Mendel’s experiments with pea plants demonstrated the concepts of dominant and recessive traits. He observed that when crossing pure-bred tall and short plants, all offspring were tall, indicating tallness as a dominant trait. However, when these offspring were self-pollinated, the next generation included both tall and short plants, revealing the presence of the recessive short trait. This showed that some traits (dominant) mask others (recessive) in heterozygous combinations.

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Introduction to Mendel’s Genetic Discoveries

Gregor Mendel, a 19th-century monk, conducted experiments on pea plants that laid the foundation for the field of genetics. His systematic cross-breeding experiments revealed fundamental principles of genetic inheritance, particularly the concepts of dominant and recessive traits.

The Choice of Pea Plants

Mendel chose pea plants for his experiments due to their distinct, inheritable characteristics and the ease of controlling their mating. He focused on several traits, such as plant height, flower color, and seed shape, which exhibited clear and contrasting forms (e.g., tall vs. short, yellow vs. green).

The First Cross: F1 Generation

Mendel’s initial experiment involved crossing pure-bred tall pea plants with pure-bred short ones. To his observation, all offspring (F1 generation) were tall. This uniformity in the first generation led Mendel to hypothesize the concept of dominant traits – traits that mask the presence of others when combined.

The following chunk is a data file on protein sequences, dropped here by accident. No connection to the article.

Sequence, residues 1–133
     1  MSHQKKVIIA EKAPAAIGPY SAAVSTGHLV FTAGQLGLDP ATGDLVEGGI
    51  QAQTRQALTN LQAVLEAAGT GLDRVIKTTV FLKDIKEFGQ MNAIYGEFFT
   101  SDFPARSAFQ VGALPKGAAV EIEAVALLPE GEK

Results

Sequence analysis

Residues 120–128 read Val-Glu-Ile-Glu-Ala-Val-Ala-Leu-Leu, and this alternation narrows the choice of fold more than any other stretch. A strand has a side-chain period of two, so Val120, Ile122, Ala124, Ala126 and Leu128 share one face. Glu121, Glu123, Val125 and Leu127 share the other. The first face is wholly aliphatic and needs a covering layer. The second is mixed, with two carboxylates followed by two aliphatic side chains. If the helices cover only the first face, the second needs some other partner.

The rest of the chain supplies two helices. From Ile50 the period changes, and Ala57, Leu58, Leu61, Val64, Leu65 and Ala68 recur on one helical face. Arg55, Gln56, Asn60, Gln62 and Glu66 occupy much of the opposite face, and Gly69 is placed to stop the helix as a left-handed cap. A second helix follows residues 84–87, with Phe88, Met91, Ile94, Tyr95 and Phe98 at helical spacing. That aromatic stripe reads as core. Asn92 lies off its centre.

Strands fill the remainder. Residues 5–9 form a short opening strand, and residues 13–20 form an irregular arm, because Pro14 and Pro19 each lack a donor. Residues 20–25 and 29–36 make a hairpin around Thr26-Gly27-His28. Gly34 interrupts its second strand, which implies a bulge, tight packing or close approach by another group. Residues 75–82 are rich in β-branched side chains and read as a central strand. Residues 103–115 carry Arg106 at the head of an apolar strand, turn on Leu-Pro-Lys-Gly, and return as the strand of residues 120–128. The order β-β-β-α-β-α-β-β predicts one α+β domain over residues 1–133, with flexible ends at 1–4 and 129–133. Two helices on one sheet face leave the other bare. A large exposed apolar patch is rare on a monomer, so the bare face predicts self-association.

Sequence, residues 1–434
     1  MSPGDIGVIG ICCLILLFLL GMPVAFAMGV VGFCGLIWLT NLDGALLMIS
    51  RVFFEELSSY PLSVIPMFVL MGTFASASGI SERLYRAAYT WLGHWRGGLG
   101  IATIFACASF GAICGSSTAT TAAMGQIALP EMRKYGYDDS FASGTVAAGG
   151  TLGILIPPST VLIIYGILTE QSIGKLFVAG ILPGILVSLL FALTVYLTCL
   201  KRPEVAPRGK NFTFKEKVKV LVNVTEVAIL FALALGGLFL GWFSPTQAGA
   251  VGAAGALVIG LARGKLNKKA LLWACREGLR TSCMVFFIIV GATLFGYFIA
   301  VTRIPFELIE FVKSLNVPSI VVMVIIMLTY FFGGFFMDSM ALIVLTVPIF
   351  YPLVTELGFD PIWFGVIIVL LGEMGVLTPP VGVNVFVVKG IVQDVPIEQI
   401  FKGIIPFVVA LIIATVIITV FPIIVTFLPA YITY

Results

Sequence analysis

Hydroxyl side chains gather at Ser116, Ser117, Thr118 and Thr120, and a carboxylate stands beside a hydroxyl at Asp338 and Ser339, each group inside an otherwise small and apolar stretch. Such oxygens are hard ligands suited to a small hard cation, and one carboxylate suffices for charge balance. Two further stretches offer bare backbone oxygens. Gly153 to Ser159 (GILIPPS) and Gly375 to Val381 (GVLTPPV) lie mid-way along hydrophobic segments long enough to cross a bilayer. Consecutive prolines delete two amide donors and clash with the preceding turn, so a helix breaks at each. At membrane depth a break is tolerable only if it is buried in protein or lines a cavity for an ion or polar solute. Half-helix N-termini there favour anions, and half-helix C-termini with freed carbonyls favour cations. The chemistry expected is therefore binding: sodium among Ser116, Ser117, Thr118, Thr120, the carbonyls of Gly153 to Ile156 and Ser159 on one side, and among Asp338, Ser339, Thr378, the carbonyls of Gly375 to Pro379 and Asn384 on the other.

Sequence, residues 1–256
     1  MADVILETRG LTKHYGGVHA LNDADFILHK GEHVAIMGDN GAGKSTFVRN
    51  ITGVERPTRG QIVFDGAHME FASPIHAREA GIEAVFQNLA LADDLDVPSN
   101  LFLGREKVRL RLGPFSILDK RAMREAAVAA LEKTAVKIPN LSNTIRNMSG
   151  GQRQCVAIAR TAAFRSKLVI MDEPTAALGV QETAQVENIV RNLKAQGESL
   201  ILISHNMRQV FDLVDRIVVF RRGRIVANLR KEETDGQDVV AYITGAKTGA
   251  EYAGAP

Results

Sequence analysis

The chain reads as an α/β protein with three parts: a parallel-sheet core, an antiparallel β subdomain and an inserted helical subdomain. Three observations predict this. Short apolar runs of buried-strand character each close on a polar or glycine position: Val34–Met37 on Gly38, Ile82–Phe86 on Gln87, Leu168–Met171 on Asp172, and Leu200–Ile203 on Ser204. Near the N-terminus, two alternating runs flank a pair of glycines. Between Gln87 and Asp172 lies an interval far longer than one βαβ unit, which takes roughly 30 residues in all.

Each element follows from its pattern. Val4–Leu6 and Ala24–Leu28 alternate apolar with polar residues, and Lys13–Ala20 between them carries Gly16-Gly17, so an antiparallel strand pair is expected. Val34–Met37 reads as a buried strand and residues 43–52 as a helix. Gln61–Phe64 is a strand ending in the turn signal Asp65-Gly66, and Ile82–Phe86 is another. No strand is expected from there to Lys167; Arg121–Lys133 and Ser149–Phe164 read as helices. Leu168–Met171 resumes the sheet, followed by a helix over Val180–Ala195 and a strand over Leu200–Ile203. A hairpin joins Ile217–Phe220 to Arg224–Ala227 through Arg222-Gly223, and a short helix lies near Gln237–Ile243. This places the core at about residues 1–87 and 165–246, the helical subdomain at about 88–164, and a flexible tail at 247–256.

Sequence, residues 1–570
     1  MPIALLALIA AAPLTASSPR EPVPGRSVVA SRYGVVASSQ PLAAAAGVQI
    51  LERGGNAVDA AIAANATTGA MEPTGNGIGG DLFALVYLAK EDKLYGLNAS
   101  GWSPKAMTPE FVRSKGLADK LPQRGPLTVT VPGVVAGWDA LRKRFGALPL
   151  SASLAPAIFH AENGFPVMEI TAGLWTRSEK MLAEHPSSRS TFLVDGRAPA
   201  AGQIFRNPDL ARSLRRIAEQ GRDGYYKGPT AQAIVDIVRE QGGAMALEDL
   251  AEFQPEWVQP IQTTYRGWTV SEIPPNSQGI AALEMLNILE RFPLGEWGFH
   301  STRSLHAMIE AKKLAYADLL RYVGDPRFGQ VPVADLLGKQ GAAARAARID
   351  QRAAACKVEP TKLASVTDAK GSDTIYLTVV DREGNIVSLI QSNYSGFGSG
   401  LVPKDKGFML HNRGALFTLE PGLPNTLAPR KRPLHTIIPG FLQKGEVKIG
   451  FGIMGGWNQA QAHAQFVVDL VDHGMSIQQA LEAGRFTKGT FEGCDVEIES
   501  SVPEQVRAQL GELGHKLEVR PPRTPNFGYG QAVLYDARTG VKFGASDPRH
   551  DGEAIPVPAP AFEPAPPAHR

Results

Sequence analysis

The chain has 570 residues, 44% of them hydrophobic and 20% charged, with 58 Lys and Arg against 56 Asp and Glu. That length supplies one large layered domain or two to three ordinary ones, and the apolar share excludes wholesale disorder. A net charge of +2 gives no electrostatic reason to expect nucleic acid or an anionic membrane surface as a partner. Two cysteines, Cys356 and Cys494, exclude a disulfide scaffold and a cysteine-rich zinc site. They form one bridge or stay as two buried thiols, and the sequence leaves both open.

The Second Cross: F2 Generation

When Mendel allowed the F1 generation to self-pollinate, the resulting F2 generation exhibited both tall and short plants, but in a predictable 3:1 ratio. This revealed that the trait for shortness, though hidden in the F1 generation, was still present and could reappear in subsequent generations, defining the concept of recessive traits.

Understanding Dominant and Recessive Traits

Mendel’s experiments showed that each trait is controlled by pairs of ‘factors’ (now known as genes), where one can be dominant and the other recessive. The dominant trait is expressed in the organism, while the recessive trait is masked in the presence of a dominant one but can still be passed to offspring.

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Conclusion: Mendel’s Lasting Legacy

Mendel’s work fundamentally changed our understanding of inheritance. His identification of dominant and recessive traits explained how certain characteristics are expressed in organisms and how these traits are passed down through generations. His principles remain central to genetics, illustrating the basic mechanisms of heredity.

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Questions of 10th Science Chapter 8 in Detail

If a trait A exists in 10% of a population of an asexually reproducing species and a trait B exists in 60% of the same population, which trait is likely to have arisen earlier?
How does the creation of variations in a species promote survival?
How do Mendel’s experiments show that traits may be dominant or recessive?
How do Mendel’s experiments show that traits are inherited independently?
A man with blood group A marries a woman with blood group O and their daughter has blood group O. Is this information enough to tell you which of the traits – blood group A or O – is dominant? Why or why not?
How is the sex of the child determined in human beings?
A study found that children with light-coloured eyes are likely to have parents with light-coloured eyes. On this basis, can we say anything about whether the light eye colour trait is dominant or recessive? Why or why not?
Outline a project which aims to find the dominant coat colour in dogs.
How is the equal genetic contribution of male and female parents ensured in the progeny?